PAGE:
I was in thrall to this landscape, the bare, barren Steppe colour bleached out, at times weirdly shaped into something from another planet. There was a stark beauty to the rocky outcrops, a ridge in the distance, and the odd climb out of the depression  – at times we were cycling nearly a 100 metres below sea level – added some variation from the default flat, featureless desert. The terrain was so vast. And camping in the desert at night the flaming sunsets so dramatic, the stars brilliant and the silence so deep. With this distance to cycle in the July heat however, it felt like a challenge to be endured, suffered through and overcome. There was little distraction in this desert wilderness. We were spending long days in the saddle in an attempt to cover distance, it was a matter of putting in the hours and the kilometres would take care of themselves. desert camping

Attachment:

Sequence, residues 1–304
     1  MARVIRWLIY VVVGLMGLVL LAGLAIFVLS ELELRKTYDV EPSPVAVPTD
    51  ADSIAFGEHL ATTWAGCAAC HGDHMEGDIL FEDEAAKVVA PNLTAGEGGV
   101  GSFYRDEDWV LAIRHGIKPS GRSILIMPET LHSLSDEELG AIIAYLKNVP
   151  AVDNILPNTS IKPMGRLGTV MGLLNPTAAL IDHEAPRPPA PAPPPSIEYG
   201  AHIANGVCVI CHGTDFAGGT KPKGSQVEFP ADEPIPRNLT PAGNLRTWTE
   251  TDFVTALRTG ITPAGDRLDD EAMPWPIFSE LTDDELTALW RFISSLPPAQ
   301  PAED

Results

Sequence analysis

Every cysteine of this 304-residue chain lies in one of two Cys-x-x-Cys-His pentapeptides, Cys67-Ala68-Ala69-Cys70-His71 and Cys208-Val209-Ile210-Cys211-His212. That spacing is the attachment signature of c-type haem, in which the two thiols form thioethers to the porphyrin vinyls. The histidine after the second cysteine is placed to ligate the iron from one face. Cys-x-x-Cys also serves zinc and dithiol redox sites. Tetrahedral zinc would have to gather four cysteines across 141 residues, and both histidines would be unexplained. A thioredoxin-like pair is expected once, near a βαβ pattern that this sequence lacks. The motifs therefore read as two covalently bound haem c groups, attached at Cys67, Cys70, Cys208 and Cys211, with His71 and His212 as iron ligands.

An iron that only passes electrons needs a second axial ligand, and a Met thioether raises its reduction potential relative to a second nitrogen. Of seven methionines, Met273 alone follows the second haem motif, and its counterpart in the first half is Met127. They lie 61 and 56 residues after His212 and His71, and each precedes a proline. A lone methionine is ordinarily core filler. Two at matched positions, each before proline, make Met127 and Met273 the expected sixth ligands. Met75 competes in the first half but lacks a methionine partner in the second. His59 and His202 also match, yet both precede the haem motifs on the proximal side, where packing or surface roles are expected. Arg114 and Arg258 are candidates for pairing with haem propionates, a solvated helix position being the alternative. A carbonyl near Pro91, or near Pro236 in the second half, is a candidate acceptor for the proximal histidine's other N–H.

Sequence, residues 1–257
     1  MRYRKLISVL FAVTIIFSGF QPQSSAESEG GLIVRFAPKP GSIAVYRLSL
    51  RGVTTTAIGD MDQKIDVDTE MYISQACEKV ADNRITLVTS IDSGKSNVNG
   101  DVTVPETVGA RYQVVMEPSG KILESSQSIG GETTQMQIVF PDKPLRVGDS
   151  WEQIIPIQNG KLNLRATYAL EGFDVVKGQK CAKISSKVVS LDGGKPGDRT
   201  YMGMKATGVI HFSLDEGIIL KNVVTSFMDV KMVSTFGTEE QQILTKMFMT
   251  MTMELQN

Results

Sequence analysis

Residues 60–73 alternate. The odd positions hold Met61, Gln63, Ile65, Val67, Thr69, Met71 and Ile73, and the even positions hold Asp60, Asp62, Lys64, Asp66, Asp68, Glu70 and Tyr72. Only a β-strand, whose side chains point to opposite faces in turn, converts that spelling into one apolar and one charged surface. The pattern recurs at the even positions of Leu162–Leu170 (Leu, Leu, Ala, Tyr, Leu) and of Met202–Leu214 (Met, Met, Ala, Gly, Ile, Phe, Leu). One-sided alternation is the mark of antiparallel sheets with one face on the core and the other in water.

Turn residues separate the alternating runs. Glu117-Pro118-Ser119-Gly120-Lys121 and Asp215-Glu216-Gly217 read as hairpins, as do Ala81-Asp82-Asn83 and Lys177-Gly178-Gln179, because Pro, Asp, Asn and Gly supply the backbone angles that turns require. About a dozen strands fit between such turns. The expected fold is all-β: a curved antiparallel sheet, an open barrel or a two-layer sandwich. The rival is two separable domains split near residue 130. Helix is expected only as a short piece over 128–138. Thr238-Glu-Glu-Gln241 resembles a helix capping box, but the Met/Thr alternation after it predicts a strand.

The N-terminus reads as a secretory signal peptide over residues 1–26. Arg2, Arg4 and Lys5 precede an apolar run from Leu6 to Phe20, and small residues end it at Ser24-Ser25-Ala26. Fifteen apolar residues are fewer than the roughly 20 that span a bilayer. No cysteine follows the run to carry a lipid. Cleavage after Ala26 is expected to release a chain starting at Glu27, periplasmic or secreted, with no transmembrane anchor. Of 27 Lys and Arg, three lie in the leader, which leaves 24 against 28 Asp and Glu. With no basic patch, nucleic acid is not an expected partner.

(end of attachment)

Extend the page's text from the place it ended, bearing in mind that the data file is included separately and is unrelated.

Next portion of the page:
And what did the mind occupy itself with, when there is a seemingly unchanging monotonous landscape hour after hour? That can be difficult, whatever about the physical discomforts. Will had his iPod constantly on, and I began to treat myself to a few hours a day of an audiobook which was a great way to distract me. Because there is no doubt, listening to an iPod is a distraction and does take you away from the immediate experience of where you are. But that was ok with me. The distraction could be a relief from the lack of visual stimulation, but also from the mind entertaining itself with negative scenarios which could come calling, unbidden. I reckon we all three had our little individual difficulties playing on our minds through that desert at times – even Jesus apparently had his demons visit during his desert experience! I had read it is not an uncommon experience in the desert. It was great to have the company of Will and Fred. Just the shared experience crossing the desert and human interaction with another all help. Hats off to cyclists who had done this alone. And without an iPod!